In the midst of an energetic crowd at a Friday night football game, four girls help fuel the Clemens pride that surges through the stadium. These talented students, covered in sparkle and school spirit, twirl their batons to keep a school tradition of twirling alive. At football games and pep rallies, twirlers perform their routines for the crowd’s entertainment and grow as a family along the way.
The four twirlers include Abigail Slaughter (12), Madison Chadwell (12), Caitlin Thai (11), and Erin Dabbs (10). They either started in color guard or marching band, and found their passion for twirling.
“Twirling has become a huge part of my life”, Thai said. “It impacts who I am to myself and to other people.”
They say the best part is both the audience’s reaction and the feeling of performing. They make an impact on other students through enthusiasm and school spirit at their events, like football games, pep rallies, and school events.
“My favorite thing about performing is seeing the reaction. I love seeing the smile on their faces,” Slaughter said. “When little girls want to be just like you, it’s the best feeling in the world, and you know, it warms my heart.”
They practice every Sunday from 9-10:30 a.m. and meet throughout the week to do run throughs to prepare for the game. Each friday comes with a new routine to choreograph, as well as the polishing of old routines. The beauty of their talent seems natural, but with such high stakes, sacrifice is to be made.
“Balancing between twirling and school can be quite difficult at times, but it all becomes worth it when I twirl on the football field every Friday”, Caitlin Thai said.
Their main goal is to get the crowd excited about the games and entertain them with routines. They perform after touchdowns and occasionally routines at halftime to songs like “Bang Bang” and “Exs & Ohs”.
“It’s a lot of fun, and getting to perform for everyone, it’s a great rush,” Dabbs said.
According to the twirlers, it is no easy skill, and it requires dedication to perfect and clean their routines. Even when making mistakes, they push through and stay positive in order to finish and improve for their next run.
“I think smile, have fun, love what you do,” Slaughter said, “You can’t think about the drop. You just have to pick it up and keep going, and smile.”
Throughout their time practicing and performing, the four girls have grown as friends and acquired a sense of family. Whether they rely on each other for checkpoints throughout their performance or have fun at their different events, they have gotten closer throughout the season.
“There is definitely a family, a sense of family,” Dabbs said. “We all care about each other a lot, and we all are there for eachother all of the time.”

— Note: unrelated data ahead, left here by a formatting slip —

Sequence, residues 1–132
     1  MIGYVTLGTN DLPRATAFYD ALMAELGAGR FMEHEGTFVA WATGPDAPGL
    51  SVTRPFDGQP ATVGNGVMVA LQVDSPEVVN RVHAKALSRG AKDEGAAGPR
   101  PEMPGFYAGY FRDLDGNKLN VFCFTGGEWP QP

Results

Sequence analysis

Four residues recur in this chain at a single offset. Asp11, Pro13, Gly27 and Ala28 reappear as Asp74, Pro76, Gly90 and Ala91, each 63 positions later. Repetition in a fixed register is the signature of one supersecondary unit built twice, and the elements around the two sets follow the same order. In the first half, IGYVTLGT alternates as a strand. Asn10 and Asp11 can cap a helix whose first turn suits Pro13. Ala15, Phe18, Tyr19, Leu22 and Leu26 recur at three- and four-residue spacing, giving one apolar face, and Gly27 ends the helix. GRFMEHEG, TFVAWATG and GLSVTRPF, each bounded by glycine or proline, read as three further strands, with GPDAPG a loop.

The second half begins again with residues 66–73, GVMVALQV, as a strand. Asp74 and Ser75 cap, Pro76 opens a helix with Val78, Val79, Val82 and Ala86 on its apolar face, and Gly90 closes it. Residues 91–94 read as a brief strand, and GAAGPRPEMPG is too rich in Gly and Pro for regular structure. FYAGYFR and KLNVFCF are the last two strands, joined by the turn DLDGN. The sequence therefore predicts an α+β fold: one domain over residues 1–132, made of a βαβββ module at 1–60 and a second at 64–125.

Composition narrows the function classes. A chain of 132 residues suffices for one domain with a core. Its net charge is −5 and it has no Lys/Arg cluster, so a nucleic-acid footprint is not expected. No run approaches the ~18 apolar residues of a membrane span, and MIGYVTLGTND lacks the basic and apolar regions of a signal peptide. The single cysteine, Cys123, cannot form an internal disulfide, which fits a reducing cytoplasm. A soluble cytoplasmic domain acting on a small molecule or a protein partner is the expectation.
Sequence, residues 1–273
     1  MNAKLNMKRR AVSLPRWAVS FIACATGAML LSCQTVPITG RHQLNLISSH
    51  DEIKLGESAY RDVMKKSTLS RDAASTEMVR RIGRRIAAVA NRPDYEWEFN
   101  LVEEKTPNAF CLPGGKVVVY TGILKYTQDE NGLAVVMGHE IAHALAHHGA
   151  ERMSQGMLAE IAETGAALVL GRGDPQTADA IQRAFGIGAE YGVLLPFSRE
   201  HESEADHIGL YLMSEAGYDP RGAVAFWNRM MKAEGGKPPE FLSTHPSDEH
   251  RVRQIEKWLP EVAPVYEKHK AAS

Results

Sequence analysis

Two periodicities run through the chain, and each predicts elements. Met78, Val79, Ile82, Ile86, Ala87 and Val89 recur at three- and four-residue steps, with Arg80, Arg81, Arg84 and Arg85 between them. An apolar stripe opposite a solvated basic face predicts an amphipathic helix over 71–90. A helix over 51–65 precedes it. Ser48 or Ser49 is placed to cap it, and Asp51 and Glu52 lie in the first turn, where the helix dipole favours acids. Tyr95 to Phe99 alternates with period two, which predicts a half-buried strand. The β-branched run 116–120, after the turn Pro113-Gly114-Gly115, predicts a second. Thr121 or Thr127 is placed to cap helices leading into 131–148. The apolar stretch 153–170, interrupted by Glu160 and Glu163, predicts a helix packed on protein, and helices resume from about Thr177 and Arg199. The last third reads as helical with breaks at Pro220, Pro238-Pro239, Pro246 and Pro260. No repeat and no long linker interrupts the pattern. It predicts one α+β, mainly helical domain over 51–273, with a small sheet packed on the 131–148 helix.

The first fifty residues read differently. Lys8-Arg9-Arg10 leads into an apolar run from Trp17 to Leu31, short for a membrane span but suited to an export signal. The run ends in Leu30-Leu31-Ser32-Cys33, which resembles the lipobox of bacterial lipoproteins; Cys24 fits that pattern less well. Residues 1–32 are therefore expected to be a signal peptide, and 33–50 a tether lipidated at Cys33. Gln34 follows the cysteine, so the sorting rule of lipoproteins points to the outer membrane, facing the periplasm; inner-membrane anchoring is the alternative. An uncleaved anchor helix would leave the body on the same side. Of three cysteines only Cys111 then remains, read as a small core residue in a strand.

Kate Whyte, Taylor Trapp
Copy Editor, Staff Writer
[ photo taken by Samantha Wray]
Two schools embedded in a rivalry on Farm-to-Market road 3009 that meet every year on the football field; Steele and Clemens. This year, on September 28, the two schools will meet yet again, except this time, there is a little bit more to the story.
SALive, a San Antonio news station, will be doing an expose on the ‘Battle of 3009.’ They will be recording during both pep rallies, the game, and have been interviewing some students and coaches from both teams, per Mr. Saunders.
This expose will be aired soon after the game, and is being done to highlight some of Texas’ biggest and best Friday night lights programs throughout the state. There was also a poll held online where people could vote on who has the better Friday night practices, Clemens or Steele. Both schools were declared victorious, noting that both schools have great programs.
Every year, the parking spaces fill up and people have to park as far as the new Starbucks just to see the two schools play some football. Each school has spirit weeks leading up to the game, and have pep rallies the day of the game as well, creating a sense of school pride for each campus.
Although these schools have had a rivalry ever since Steele was founded in 2005, both student bodies gather and fill up Lehnhoff Stadium to show their pep and their student accomplishments such as band and dance teams performing at halftime. After the game, both teams can be seen gathering and congratulating each other and taking pictures, shaking hands, and even praying on the field. It can be assumed that all these features highlight what makes up the annual event known as the ‘Battle of 3009.’
Shelby O’Neal Plays For Her Future
In order to continue her dreams on a collegiate level, junior Shelby O’Neal committed to play indoor and beach volleyball with the University of Arizona Wildcats on Sept. 17th.
O’Neal gravitated to this university due to its convenience to both home and California, where she will compete with the Lady Wildcats in tournaments.
“Arizona is just so similar to home, and it’s the proximity to California that just makes things more convenient when it comes to volleyball,” O’Neal said. “I can hop on a flight from Tucson to LA and compete in a tournament pretty easily.”
O’Neal also adored the team comradery. The division one coaching staff, as well as the tight knit community of athletes, were a selling point. She also connected with teammates similar to her, as well as her trainers.
“I’ve developed a close relationship with the staff. Coach Dave and Coach Gregg were really relatable and understanding over the phone, and meeting them and Coach Rita in person just really sealed the deal”, O’Neal said. “Plus, I’m really similar to one of their current players, so we connected pretty quickly!”
The 6’2 outside hitter and defensive specialist will assume her position as a wildcat in summer 2020. She’ll begin competing with the beach and indoor team her sophomore year.
“The spirit and the attitude of this university is something I immediately fell in love with”, O’Neal said. “I really can’t wait to be a wildcat!”